Tuesday, September 24, 2013


Three out of five stars

A sixteen year old girl is kidnapped by a man who has been stalking her since she was ten. He doesn't lay a finger on her during her entire incarceration and not once threatens her. His past is tragic at best and in the end, he is lonely. Do we sympathize with him?

This book has left me very conflicted. Gemma is the girl in question who was kidnapped and while I am very appreciative that she does not fall in love with her captor and forgive him for all that he does (the girl tries to escape, she tries to harm him) I still am left feeling very uncomfortable with the turn of this novel. Does she grow to have feelings for him? Is it Stockholm syndrome? Is the author writing a novel to add to the long list of fucked up teen books that romanticize abusive relationships? Okay, okay. Lets get that one out of the way first.

No. I don't think that Lucy Christopher is romanticizing this kind of abuse. She makes it very clear that what this person did was wrong and towards the end of then novel, she even calls into question some of the thing that the kidnapper was telling Gemma to maybe cause Gemma to question her home life and if it was truly better than what he was giving her. For this reason, I do appreciate this author. She does however add the confusing element of the kidnapper, Ty, being a character that one can sympathize with. It's a weird feeling to have. When it came to Ty, I was much more brutal in my opinion of him because while he did have a horrid childhood, and while he never tried to hurt Gemma, he still drugged and kidnapped her from the airport. I don't consider the man a monster like the public does in this book, but I don't consider him a character to lend my sympathy to. I can see how a reader could go there though and that's what makes the book terribly uncomfortable for me and terribly confusing.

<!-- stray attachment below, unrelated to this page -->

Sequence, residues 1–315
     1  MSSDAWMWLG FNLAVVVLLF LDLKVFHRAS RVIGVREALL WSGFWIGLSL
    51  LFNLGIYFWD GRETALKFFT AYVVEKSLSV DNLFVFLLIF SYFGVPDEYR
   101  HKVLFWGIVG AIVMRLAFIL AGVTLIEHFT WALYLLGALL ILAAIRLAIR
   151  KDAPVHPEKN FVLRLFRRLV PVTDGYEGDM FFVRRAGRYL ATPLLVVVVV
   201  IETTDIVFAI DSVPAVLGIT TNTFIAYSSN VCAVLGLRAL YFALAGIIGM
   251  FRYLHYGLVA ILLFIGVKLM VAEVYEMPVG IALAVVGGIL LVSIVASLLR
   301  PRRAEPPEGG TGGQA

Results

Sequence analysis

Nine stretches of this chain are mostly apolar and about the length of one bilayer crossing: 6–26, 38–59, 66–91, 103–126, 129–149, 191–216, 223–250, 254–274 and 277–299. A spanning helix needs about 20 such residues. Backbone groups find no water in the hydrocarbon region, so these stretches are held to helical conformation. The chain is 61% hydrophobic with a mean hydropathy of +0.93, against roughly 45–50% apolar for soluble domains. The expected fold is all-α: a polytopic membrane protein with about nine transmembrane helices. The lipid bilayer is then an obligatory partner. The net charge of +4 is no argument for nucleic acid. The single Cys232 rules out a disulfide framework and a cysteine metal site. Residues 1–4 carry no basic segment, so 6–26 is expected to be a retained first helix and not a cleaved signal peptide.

On a side note, can we just take note for a minute how annoyingly bland the public reaction can be in books like this? Why is it that there is always some female archetype stroking the young girls hair and waxing poetics about what a monster said bad person is and how said victim is too confused to understand what really just happened. Said victim was there. Annoying hair stroker was not.

While I do not romanticize this story, I think many will.  The deeper picture of this story is that there is always more to what we see.  When the book is boiled down to its bare bones, that is what it is about.  However, in this society, teenage girls are falling into these horrible patterns of falling for the emo "misunderstood" boys out there that treat them like shit.  They are going to gloss over the fact that the situation Gemma was in could have been much worst; that in fact, what happened to her was psychologically traumatizing and that while she did somewhat begin to fall for this guy, there is a much more confusing and deeper layer that we must understand in which Gemma's feelings probably stemmed from the fact that he was all she had.  There is so much meat to this story and so many different angles that we can dive into, but unfortunately, most people do not.  Most teens sigh in love and whimsy and dream of their captors coming to sweep them off their feet and take them to Australian.

Alright, so maybe teens aren't that bad but that seems to be the type of teens that I hear from when researching books like this.

Lucy Christopher is a decent writer. I wasn't a huge fan of the first person narrative or the lack of chapters, but she does get her point across with little to no nonsense and focuses on a character development that is very believable. For the novel also only focusing on two characters, it doesn't get dry or boring. If anything, this is an exploration into the mind set of two very different and very broken people. Watching Gemma's sanity slip like it does is what makes this novel worth the read. It is done subtly and I was surprised to find how much the character had truly changed by the end of the novel. For that, I have mass respect for this author.

While it wasn't exactly the kind of book I would normally read, I did enjoy it. I would recommend it to people that are looking for something a little dark and a little different. It's an easy read through and one that does stick with you as well.
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